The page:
When the stock market goes wild, shares of Bank of America (NYSE:BAC) go downright crazy. Yesterday, the S&P 500 was down 2.3% roughly halfway through the trading session while shares of Bank of America had fallen by more than 4.2%. Why is this?
This relationship is captured by Bank of America's "beta," a common measure of volatility that compares how much a single company's shares move on a daily basis relative to the broader market. A beta greater than 1 means that a company's shares are more volatile than the broader market, while a beta less than 1 means the opposite.
Bank of America's beta is 1.71, meaning that its shares are roughly 71% more volatile than the market at large. If the S&P goes down by 1% on any given day, Bank of America's shares will typically go down by 1.71%. The same is true on the upside.
To put that into context, despite the stability that seemingly should come from being the second-largest bank in the United States, Bank of America is in the top 12% of the most volatile stocks on the S&P 500, according to data from Finviz.com.
While it's impossible to say precisely why this is, we know three things.
The first is that Bank of America's shares haven't always been this volatile. They only became so after the bank more than doubled its outstanding share count in 2009 to raise capital. Its share price plummeted in response, falling from more than $50 in 2007 down to $5 four years later. As such, its shares became more attractive to traders, who could buy and sell a larger number of shares at a price of $5 than they could at $50.
The second thing we know, and this is related to the first, is that Bank of America's shares are the most heavily traded on the S&P 500. An average of 93 million shares of the bank trade hands on a typical day. That compares to 69 million for runner-up Apple.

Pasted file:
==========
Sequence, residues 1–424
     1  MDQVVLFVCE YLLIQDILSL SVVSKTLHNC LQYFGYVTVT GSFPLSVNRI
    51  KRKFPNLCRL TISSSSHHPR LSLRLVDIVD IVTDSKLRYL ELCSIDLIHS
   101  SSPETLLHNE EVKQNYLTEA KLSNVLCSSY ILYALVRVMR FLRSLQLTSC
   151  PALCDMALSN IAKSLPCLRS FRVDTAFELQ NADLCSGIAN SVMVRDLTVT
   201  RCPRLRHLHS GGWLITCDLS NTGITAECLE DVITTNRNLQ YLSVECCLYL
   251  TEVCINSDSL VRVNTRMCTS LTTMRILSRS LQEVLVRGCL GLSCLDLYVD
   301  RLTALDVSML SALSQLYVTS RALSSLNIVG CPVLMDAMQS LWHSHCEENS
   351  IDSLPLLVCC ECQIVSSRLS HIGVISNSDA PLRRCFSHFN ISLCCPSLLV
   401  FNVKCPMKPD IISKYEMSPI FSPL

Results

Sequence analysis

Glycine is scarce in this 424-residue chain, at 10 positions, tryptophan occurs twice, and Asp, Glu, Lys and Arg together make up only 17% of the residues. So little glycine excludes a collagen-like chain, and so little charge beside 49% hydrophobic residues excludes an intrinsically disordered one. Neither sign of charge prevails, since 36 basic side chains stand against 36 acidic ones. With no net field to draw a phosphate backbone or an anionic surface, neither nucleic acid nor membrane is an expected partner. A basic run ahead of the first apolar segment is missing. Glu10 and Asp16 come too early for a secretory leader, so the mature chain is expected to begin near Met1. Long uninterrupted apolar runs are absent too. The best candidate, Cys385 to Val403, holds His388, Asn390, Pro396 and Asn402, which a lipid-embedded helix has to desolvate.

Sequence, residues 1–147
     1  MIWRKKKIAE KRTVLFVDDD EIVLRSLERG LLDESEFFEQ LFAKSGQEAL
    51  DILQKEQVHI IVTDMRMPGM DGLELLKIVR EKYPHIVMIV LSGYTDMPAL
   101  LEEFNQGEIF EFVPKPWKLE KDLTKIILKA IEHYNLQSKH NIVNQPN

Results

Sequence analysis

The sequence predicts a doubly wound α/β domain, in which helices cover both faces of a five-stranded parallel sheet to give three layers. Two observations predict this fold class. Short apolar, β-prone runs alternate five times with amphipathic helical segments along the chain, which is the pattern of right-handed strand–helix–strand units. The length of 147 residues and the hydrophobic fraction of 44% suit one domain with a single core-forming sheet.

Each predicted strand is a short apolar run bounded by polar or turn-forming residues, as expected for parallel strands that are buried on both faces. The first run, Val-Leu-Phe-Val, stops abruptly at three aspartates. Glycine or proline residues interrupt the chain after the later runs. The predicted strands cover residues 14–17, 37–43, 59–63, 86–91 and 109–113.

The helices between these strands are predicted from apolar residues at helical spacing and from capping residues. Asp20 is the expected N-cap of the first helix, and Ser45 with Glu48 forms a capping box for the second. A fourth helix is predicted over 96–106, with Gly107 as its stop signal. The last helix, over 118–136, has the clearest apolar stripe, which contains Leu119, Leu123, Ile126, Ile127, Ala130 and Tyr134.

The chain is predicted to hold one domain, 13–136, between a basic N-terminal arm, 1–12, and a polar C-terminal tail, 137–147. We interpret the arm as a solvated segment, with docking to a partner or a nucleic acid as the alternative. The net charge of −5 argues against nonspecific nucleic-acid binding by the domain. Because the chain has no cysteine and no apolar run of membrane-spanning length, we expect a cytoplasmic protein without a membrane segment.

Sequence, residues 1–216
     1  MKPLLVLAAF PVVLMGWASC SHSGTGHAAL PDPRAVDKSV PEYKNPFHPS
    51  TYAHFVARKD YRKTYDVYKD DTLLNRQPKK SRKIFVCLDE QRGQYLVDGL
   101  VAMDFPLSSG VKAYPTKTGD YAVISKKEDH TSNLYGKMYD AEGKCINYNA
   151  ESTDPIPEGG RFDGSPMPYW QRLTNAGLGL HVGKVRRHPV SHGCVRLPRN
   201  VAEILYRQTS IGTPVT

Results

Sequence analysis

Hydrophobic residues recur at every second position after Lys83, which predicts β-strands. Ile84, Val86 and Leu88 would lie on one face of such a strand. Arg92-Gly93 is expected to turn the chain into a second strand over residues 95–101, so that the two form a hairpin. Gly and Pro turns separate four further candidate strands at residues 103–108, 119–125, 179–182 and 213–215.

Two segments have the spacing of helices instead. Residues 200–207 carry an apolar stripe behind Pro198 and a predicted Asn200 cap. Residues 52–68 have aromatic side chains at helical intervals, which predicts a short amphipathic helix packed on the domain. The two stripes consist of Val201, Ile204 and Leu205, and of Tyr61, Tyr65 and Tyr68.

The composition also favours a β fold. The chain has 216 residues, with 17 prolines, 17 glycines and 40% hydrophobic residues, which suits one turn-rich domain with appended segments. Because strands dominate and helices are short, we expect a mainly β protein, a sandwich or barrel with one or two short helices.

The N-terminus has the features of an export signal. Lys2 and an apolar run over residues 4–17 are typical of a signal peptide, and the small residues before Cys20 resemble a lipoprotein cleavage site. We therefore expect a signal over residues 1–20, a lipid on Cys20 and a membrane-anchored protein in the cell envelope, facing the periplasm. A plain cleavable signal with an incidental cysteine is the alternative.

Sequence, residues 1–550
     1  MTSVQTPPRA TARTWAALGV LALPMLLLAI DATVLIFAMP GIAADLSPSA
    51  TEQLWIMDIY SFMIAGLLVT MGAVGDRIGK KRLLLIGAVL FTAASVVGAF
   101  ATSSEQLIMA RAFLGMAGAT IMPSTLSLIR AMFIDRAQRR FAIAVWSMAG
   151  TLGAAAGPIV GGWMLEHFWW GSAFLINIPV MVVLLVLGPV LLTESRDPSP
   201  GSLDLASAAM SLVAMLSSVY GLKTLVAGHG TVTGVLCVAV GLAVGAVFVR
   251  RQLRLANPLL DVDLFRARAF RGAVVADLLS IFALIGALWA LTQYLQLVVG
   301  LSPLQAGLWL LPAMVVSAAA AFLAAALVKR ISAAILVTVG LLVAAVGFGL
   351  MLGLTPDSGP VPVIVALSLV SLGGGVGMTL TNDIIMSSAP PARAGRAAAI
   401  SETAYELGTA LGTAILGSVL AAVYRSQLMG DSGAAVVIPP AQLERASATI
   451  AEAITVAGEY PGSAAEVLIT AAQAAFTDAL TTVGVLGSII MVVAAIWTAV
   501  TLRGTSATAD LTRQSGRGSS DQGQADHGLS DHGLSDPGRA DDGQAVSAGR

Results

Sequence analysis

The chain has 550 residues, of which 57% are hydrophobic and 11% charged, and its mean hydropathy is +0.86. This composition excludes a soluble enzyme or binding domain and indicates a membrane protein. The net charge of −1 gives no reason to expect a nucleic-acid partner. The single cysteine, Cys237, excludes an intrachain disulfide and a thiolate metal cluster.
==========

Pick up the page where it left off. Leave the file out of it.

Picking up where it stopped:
Finally, when you combine the drop in its share price and the associated attraction of traders, it seems only natural that Bank of America's shares would be volatile given the gauntlet of issues it's run through since the financial crisis. Regulators have clamped down on it. Government agencies have sanctioned it for past misdeeds. And private investors have extracted tens of billions of dollars' worth of legal claims from the bank as an indirect result of its 2008 acquisition of Countrywide Financial.
When it comes to Bank of America's shares, in turn, the last few years have been a perfect storm of volatility. This won't continue forever, but there's little evidence that it will let up anytime soon.
John Maxfield has no position in any stocks mentioned. The Motley Fool owns and recommends Apple. It recommends Bank of America. Try any of our Foolish newsletter services free for 30 days. We Fools may not all hold the same opinions, but we all believe that considering a diverse range of insights makes us better investors. The Motley Fool has a disclosure policy.